Archive | July, 2011

Discovering the Upscale T-shirt

25 Jul

I’ve been shopping at Target, Gap, and Old Navy for t-shirts for as long as I can remember. Why not – they are conveniently located, cheap, and when I see a color in a style that I like, I don’t think too hard about buying it. I wear it to bed, to the gym, and around town. It’s a no-brainer wardrobe item in the morning – paired with jeans and a hoodie or cardigan, it makes getting dressed effortless.

gap favorite tshirt

Gap's Favorite T-shirt is an economical and reliable layering piece. Yawn.

So what’s the problem? Well, the plain t-shirt is a bit like eating popcorn for lunch. It’s not that it’s bad for you, but if consumed in excess, it doesn’t leave room for more satisfying options. That’s how I recently found myself in a t-shirt fashion rut.

Seeking inspiration, I recently wandered into a boutique in downtown Palo Alto, enigmatically named GV, which keeps irregular store hours but carries a wonderfully edited selection of fashionable clothes sourced mostly from Paris and LA. Golrukh, the store’s owner and sole staffer, prides herself on scouring the fashion trade shows to bring her clients the freshest looks every season.  The store has the intimate feel of a Parisian clothing atelier – dimly lit, with just a little bit of this and that, from casual to evening wear, complete with a tasteful display of high-end underwear. The salesperson is tactful and attentive. Although I enjoyed looking at myself in the mirror wearing $180 haute couture jeans, strategically ripped and distressed, I passed on them after remembering that just about every pair of jeans I own are already stained or otherwise compromised by the demands of motherhood. After a few suggestions from Golrukh, though, I did fall in love with an $80 long sleeve cotton tunic by Nation Ltd.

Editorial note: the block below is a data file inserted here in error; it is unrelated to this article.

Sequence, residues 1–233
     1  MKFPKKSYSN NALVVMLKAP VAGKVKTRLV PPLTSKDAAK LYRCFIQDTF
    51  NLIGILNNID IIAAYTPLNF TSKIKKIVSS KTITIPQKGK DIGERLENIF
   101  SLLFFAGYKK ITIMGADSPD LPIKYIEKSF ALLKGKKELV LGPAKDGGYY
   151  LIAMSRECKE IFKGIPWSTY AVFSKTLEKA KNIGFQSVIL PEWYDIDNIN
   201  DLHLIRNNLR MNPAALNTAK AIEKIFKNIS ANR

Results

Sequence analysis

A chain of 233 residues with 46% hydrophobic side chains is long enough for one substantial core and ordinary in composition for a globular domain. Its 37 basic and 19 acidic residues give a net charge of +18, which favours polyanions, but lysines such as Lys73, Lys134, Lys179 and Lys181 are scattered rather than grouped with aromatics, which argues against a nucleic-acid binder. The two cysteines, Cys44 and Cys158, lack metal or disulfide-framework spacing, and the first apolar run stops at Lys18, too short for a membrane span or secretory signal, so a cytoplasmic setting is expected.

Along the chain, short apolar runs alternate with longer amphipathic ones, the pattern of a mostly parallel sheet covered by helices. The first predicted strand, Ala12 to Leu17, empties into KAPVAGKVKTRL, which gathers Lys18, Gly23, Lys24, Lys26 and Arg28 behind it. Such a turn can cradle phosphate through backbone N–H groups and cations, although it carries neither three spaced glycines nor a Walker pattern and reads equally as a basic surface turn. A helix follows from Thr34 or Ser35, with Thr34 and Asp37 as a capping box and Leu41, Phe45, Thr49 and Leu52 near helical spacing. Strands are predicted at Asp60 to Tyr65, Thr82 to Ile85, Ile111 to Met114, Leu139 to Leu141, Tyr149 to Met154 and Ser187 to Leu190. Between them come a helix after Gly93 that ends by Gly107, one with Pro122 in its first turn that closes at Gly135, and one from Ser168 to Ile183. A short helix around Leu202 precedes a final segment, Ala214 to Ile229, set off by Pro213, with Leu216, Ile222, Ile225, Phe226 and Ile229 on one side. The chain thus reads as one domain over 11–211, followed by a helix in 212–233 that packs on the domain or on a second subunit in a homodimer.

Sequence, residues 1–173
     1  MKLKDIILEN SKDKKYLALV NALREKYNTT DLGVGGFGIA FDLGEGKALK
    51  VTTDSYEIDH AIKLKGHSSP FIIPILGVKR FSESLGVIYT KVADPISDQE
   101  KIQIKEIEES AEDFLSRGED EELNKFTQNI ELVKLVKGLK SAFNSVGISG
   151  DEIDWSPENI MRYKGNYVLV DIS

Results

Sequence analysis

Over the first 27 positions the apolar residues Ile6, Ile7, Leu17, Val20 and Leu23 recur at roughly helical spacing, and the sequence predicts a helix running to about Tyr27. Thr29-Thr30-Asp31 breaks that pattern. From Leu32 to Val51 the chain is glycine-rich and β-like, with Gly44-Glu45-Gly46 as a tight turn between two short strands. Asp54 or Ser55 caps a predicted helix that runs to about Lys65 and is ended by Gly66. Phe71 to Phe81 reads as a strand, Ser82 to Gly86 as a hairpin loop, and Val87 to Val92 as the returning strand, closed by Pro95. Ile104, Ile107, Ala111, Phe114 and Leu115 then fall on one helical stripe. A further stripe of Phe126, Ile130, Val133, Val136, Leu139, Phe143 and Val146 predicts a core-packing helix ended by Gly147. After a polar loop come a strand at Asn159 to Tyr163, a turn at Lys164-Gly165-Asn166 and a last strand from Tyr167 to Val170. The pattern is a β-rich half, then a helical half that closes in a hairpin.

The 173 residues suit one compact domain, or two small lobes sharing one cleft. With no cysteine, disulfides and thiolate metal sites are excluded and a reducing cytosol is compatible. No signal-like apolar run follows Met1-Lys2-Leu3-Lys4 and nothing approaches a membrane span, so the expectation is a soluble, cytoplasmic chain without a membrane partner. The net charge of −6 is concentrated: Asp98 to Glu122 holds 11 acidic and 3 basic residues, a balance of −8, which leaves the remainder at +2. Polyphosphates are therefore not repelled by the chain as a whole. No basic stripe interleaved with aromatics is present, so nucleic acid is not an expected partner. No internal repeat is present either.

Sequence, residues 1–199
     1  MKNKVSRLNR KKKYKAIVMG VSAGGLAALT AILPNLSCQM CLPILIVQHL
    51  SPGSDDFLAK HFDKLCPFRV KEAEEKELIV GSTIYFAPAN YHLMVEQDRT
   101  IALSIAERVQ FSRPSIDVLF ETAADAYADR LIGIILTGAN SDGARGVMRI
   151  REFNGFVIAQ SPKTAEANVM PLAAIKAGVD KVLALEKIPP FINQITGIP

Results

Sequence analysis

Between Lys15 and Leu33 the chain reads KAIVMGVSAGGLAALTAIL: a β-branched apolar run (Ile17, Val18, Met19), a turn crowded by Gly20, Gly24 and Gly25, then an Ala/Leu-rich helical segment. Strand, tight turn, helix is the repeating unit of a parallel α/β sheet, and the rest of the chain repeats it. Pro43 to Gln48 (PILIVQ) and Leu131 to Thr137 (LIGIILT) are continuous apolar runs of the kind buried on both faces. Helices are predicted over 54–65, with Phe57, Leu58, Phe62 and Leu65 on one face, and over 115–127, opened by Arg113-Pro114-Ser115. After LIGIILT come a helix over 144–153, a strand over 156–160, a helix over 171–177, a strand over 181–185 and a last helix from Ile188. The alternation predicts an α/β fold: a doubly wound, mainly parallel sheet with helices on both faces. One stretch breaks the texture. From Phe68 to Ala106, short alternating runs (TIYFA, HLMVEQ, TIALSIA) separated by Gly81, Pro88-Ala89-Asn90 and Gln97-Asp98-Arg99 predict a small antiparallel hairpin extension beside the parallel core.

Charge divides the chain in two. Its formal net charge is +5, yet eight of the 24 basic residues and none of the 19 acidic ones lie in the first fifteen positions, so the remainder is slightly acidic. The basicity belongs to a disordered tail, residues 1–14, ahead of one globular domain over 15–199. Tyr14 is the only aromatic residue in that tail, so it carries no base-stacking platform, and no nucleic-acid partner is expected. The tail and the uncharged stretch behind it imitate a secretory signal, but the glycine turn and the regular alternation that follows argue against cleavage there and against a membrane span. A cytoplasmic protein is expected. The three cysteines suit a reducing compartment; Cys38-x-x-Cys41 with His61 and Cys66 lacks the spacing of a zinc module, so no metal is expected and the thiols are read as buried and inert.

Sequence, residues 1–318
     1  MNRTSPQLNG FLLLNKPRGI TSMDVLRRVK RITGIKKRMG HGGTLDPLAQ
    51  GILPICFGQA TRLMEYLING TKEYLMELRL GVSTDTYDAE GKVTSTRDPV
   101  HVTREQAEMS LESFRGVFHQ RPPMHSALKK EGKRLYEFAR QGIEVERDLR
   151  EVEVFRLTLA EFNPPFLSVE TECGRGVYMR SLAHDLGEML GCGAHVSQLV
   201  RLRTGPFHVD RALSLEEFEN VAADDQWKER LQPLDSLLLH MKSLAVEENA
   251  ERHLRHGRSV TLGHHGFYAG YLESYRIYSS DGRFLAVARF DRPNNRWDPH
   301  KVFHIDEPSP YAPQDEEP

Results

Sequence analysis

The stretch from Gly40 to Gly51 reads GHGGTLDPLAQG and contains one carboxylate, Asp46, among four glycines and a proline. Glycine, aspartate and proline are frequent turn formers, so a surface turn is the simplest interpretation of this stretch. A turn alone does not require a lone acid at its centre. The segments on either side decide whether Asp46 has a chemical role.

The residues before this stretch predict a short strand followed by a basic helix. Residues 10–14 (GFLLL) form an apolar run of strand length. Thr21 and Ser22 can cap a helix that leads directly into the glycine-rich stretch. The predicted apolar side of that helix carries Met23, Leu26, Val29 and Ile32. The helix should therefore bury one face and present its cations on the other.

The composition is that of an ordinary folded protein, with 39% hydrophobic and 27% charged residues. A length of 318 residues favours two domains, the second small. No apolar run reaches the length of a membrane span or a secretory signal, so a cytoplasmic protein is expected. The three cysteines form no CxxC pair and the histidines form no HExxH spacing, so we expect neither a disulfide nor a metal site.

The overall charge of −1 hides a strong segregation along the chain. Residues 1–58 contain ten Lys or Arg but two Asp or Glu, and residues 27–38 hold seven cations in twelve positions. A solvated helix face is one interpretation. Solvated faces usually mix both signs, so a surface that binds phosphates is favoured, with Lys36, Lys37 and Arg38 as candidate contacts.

nation ltd white tunic

In search of a more stylish alternative to t-shirt dressing, I paid $80 for a comfy, well-cut cotton tunic.

The irony of paying $80 for a t-shirt, after I had come into the store looking for a t-shirt alternative, does not escape me. So what gives? Well, these shirts have several upgrades from the basic model:

Feel: the light, gauzy all-cotton fabric is welcoming from the moment I put it on – it feels like something I could live in around the clock (although I don’t, to preserve its life span).

Cut: this top sits snugly below the hip, allowing ease of movement without looking baggy. The neckline is generous enough to flatter the neck and collarbone without being too baggy. It can be worn loose or belted.

Texture: the “burnout” semi-sheer fabric feels airy and feminine, and has more visual depth than solid cotton.

Color: I sprung for the shirt in white, as well as a shade of regal turquoise that makes my skin glow.

Golrukh is a great sales person. When she saw my hesitation with the price tag, she pointed out that a lot of busy moms choose these tops because “it’s the shirt you’ll wear day after day”. So far, she has been right – I reach for it every chance I get, especially the one in turquoise. (I am still afraid to wear white for anything but occasions that exclude children, but at least I know I have at least one clean white shirt in the closet when such an occasion arises.)